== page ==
Deirdre Fulton: On Capitol Hill, Chefs Speak Out for GMO Labeling
‘Having honest, clear labeling of the foods we eat is a fundamental right, one that’s worth fighting for.’ –Tom Colicchio
More than 700 chefs and restauranteurs are calling on Congress to support legislation to mandate labeling of genetically modified foods and to oppose efforts to block state GMO labeling laws.
Advocates from Food Policy Action, Environmental Working Group, Center for Food Safety, Just Label It, and other national groups joined high-profile chefs—including Tom Colicchio, José Andrés, Art Smith, and Sam Talbot—on Tuesday for meetings with lawmakers on Capitol Hill and to deliver a petition in favor of a GMO-labeling bill sponsored by Senator Barbara Boxer (D-California) and Representative Peter DeFazio (D-Oregon).
“As chefs, we know that choosing the right ingredients is an absolutely critical part of cooking,” reads the petition. “But when it comes to whether our ingredients contain genetically modified organisms, we’re in the dark. The simple truth is consumers have the right to know what they’re feeding their families, and as chefs we have a right to know what we’re feeding our customers.”
Further, the petition points out that while 93 percent of Americans support GMO labeling, the U.S. is one of the only industrialized countries in the world without labeling laws. GMO labeling laws have passed in Vermont, Maine, and Connecticut; an Oregon ballot measure requiring labels on all genetically modified food sold in the state will be recounted after falling just shy of the votes necessary for passage in the November election.
“As a chef and father, I want to know what I’m serving my customers and kids, and the majority of Americans want honest information about the food on their tables,” said Colicchio, the owner of Craft Restaurants, co-founder of Food Policy Action, and head judge on Top Chef, who authored the petition. “Having honest, clear labeling of the foods we eat is a fundamental right, one that’s worth fighting for.”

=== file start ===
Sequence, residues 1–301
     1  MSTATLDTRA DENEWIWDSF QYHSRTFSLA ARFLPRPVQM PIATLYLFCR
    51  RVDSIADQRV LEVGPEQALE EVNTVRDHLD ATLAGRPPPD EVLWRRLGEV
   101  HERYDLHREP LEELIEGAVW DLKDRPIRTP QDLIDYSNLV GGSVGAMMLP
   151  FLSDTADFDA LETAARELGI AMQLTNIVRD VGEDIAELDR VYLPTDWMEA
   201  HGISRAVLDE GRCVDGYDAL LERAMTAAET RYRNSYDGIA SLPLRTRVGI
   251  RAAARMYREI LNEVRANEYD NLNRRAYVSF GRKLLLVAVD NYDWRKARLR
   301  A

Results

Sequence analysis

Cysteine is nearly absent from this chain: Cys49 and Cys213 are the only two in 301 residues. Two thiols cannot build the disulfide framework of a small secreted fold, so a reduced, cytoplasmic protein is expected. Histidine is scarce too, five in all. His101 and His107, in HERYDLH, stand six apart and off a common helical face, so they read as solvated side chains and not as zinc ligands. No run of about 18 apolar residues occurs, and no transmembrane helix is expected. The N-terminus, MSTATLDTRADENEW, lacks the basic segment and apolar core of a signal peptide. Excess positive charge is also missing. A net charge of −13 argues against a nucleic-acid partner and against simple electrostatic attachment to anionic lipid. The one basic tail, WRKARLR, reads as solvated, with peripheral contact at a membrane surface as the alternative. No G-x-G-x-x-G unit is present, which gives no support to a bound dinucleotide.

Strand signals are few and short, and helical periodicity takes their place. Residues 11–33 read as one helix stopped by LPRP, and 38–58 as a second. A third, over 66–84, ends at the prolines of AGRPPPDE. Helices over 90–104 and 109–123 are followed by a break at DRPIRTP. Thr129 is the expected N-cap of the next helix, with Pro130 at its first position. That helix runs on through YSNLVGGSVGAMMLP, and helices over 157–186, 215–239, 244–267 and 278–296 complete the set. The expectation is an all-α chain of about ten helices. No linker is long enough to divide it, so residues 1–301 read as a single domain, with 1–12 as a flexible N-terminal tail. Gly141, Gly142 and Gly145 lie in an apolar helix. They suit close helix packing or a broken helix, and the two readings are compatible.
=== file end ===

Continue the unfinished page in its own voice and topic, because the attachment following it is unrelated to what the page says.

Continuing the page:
Culinary insiders are increasingly flexing their advocacy muscles outside the kitchen and in Washington, D.C.—a phenomenon explored at Politico last week.
“Colicchio is part of a growing army of chefs across the country looking to channel their growing celebrity to influence food and agriculture policy in Washington, from school nutrition to the farm bill to animal welfare and even fisheries management,” wrote Helena Bottemiller Evich. “Their number is legion, their ranks full of names like Rachael Ray and Mario Batali along with scores of local celebrity chefs and restaurateurs—and their increasingly organized effort backs up some of the Obama administration’s sweeping food policy agenda right as it faces down an adversarial Congress.”
“Chefs are among the most influential advocates I’ve ever lobbied with,” Scott Faber, vice president of government affairs at the Environmental Working Group, told Politico. “They bring a business perspective to food policy that a traditional advocate might not bring and they rise above the partisan divide.”